Health care is the largest industry in the United States, contributing over fourteen million jobs to the workforce. It's an industry that is not going to be growing smaller any time soon - if ever - because of the aginig of our population and the increasing demands our seniors will be putting on the healthcare systems. Seven of the fastest growing careers in the country are in healthcare, according to the U.S. Department of Labor.

A number of those jobs that will be proliferating do not require an M.D. or doctorate of any other sort. Some require master's degrees and some require only an associate's degree. You may be in the same boat as millions of Americans - you need to change careers because your former employer has gone overseas or gone under.

There are a number of options in the health care field that don't require many years of training, that will have a significant increase in employer need and that can lead to steps up the career ladder if you choose to continue your education once you are hired.

This is a partial list of jobs in the health care industry, all of which will be growing between twice as fast and five times as fast as the average for overall growth for all jobs – which is about 11%. This data is from the Department of Labor’s last decade-long projection study, which is for the decade 206 – 2016.

Dental Hygiene
Medical Sonography (Ultrasound)
Medical Assistant
Cardiovascular Technician
Pharmacy Technician
Social and Human Service Assistants
Surgical Technician
Physical Therapist Assistant
Home Health Care Aides

All of these jobs require at the most an associate's degree for employment, although the home health aide position requires no more than a high school diploma and a little training. Several of these positions require licensure however, so the degree is important. But it is a degree that you can obtain in two years or less, and in many cases through an online health care degree program.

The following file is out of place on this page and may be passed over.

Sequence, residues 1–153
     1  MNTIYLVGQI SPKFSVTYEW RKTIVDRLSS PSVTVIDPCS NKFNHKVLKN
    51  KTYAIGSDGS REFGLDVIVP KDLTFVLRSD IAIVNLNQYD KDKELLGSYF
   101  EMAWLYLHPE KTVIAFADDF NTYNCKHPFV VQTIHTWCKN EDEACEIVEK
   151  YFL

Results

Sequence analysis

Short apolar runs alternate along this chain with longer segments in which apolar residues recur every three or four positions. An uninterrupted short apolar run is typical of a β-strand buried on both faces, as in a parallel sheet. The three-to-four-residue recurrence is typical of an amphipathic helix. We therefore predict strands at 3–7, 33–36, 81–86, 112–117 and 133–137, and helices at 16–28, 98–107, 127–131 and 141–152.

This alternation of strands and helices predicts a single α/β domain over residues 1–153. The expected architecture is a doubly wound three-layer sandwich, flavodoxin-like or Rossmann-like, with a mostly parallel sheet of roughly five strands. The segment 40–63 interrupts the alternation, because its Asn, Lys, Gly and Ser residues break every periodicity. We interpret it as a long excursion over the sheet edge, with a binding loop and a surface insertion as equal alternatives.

There are a few points to make about this assortment of health care careers. Dental hygienists can obtain a bachelor's or even a master's degree, but many are still opting for the associate's degree and that is acceptable in most dental offices. Because many hygienists work in more than one dentist's office, they keep their own hours and to a great degree, are working for themselves.

Social and human service assistant is a generic term for individuals who may become human service worker, case management aide, social work assistant, community support worker, mental health aide, community outreach worker, life skills counselor, or gerontology aide. They work for psychiatrists, nursing departments, in rehabilitation or physical therapy, and in various psychological treatment facilities.

Cardiovascular and surgical technicians are usually employed in hospitals, and often find themselves assisting physicians in examinations or treatments. A good surgical technician often becomes part of the surgical team in an operating room.

A medical assistant is another trained professional who may find a job in a doctor's office, in a hospital, a public health clinic or an extended care facility doing anything from administering medication to answering the phones; taking vital signs to taking down medical histories given orally by a patient.

They won't be sending health care jobs offshore and there certainly won't be a shortage of patients. For further information on job projections and academic requirements, consult the Occupational Outlook Handbook issued by the federal government. You'll find salary information there as well. If you are looking for a career change that you can accomplish fairly quickly, investigate the options that are out there and begin looking for a school that can meet your needs.

Author's Bio: 

Bob Hartzell writes on careers and education for a number of websites